Wednesday, September 17, 2008

Boldly go, where no man, woman, kitty, ferret, dingo...

Say hello to the "water bear".  Or rather tardigrades, as they are more commonly known (by who, I don't know, cause for most I guarantee they have heard of neither term).

Tardigrades are small, water-dwelling segmented animals with eight legs.  The biggest adults may reach a body length of 1.5mm, the smallest below 0.1mm. Freshly hatched larvae may be smaller than 0.05mm.

Tardigrades are able to survive in extreme environments that would kill almost any other animal. Some can survive temperatures close to absolute zero, temperatures as high as 151 °C (303 °F), 1,000 times more radiation than any other animal, nearly a decade without water, and now, even the vacuum of space.

That's right folks, scientists have taken two species of tardigrades and ventured them into the great beyond on an ESA satellite a year ago.  After 10 days in space, the little guys were brought back for study.  It was found that the Sun's UV rays, 1,000 times stronger in space than here on Earth, would oddly act as tardigrade Kryptonite.  Of those shielded from the rays, nearly 70% went on to reproduce successfully.  Of those exposed to the Sun, almost all of them died.  Still, the intrepid buggers are now the first creature ever known to be able to survive in open space.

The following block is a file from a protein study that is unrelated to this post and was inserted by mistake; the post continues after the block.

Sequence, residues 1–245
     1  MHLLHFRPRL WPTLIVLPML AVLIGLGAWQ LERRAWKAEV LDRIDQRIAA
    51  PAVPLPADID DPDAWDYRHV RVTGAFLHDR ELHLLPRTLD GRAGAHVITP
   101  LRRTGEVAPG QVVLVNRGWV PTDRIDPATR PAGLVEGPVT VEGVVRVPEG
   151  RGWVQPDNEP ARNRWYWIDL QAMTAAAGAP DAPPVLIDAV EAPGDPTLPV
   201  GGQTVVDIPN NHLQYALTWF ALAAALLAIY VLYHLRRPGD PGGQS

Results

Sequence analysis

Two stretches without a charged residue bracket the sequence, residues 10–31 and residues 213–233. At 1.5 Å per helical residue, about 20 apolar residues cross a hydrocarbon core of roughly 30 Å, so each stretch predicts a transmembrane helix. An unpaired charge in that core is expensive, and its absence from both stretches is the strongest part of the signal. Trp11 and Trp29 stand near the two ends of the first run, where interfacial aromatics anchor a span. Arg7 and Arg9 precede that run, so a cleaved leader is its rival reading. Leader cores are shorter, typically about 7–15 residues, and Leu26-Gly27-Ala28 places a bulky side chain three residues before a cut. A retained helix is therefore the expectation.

What's this mean?  It means we're learning, all the time folks.  Dream, people.  Cause it's all possible.

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